In children previously undiagnosed and older than two, an evaluation should be made to eliminate ASD as a possibility. A successful diagnosis and treatment in young or older adults can still have a positive impact on day-to-day relationships, work, or academic life.

When ASD symptoms are not noticed in older children and adolescents until after starting school, they may be evaluated by special education teachers at the school, who will then refer them to a mental health professional.

In addition to the symptoms found in young children, symptoms in older children may include unusual difficulty in making friends and trouble understanding certain aspects of communication like body language, humor, sarcasm, or figures of speech.

ASD Diagnosis in Adults

Adults can often be aware of signs and symptoms for ASD, and if spotted, should speak with their doctor to ask about a referral for an ASD evaluation. Testing adults for ASD is not as refined or as standardized as it is for children, but that diagnosis typically takes place through observations, interactions, and interviews with mental health professionals.

Successfully diagnosing ASD in adults can be more challenging when there could be symptoms from other concurrent conditions like ADHD or schizophrenia also present.

Evaluations are structured to look for issues the individual may have like repetitive behaviors, sensory issues, challenges in communicating, concerns about social interaction, repetitive behaviors, and restricted interests. An evaluation may also involve talking with the person’s close family members.


Sample questions for the individual include:

  • Have you been told that you speak like a robot?
  • Do you find that nearly all facts stick in your memory – even those you do not understand?
  • Do you trip up or bump into things a lot?
  • Does your family have a nickname for you that portrays you as an eccentric professor?
  • Were you bullied at school?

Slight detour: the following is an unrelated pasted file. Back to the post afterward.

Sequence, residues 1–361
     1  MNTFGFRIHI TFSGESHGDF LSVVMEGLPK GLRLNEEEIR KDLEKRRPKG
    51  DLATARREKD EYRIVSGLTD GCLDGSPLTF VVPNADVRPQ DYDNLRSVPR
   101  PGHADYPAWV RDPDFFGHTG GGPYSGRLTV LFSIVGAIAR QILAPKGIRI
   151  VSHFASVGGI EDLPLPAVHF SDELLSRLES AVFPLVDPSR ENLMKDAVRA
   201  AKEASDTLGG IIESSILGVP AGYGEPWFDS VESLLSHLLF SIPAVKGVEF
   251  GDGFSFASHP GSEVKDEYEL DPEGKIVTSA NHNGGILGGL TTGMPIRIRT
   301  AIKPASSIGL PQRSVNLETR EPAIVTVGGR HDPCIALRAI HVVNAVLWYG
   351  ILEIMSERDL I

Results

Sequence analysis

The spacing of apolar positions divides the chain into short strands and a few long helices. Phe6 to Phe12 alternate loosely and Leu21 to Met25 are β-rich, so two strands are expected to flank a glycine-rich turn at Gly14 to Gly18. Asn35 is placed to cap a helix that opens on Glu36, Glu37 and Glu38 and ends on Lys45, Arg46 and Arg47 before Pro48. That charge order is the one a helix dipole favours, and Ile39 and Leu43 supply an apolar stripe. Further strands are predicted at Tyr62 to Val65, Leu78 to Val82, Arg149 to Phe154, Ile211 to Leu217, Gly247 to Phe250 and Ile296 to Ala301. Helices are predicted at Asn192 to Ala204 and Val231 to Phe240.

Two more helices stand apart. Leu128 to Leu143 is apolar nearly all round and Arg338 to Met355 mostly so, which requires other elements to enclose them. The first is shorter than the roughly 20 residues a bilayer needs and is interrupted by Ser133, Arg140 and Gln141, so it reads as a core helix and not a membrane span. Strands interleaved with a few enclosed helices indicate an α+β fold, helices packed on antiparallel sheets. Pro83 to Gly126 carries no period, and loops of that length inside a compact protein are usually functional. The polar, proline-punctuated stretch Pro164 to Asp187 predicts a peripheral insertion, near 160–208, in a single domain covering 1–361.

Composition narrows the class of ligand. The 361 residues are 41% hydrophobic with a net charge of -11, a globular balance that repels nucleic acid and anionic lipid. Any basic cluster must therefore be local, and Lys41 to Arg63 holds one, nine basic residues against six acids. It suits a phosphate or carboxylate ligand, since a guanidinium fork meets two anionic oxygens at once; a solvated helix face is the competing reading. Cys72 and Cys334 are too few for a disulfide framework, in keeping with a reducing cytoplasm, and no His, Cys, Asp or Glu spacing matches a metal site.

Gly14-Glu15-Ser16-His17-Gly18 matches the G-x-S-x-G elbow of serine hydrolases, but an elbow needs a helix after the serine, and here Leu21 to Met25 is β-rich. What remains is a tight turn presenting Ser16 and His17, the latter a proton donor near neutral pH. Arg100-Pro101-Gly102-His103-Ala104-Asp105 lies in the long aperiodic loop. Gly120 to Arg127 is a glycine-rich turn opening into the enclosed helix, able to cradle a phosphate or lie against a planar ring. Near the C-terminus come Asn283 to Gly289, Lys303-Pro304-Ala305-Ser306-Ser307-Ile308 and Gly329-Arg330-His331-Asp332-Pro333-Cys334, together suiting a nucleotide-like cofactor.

• Do you find it easy to look people in the eyes when in a conversation?
  • Are you aware of a tendency to make loud noises in a quiet place like a library or church?
  • Do you enjoy inventing quirky ways of saying things?
  • Do you, or have you ever had, a best friend?
  • Would you prefer to read fiction or nonfiction?
  • Do you like doing the same thing at the same time every day, and like always knowing what to expect?
  • Are you quick at math and music but not strong at other subjects?
  • Are you the first to notice a friend’s new haircut?
  • Do you understand what is meant when someone says they were embarrassed for someone else?
  • Do you prefer individual sports like golf or team sports like soccer?

Risk Factors for Autism Spectrum Disorder:

Risk factors for ASD include:

  • Age of parents – a father who is over 40 and/or a mother who is over 35
  • A sibling or twin with ASD – the chances of having another child with autism are between 2% and 18%, 31% chance for non-identical twins, and 36 to 95% chance for identical twins
  • Gender – males are far more likely to be diagnosed with autism
  • Premature birth and below average weight
  • Other contributing conditions – including tuberous sclerosis, Down Syndrome, and Fragile X syndrome have been found in 20% of children diagnosed with ASD.

Despite the popularity of the theory about a connection between vaccinations and autism, research does not support this claim.

Treatment of Autism Spectrum Disorder: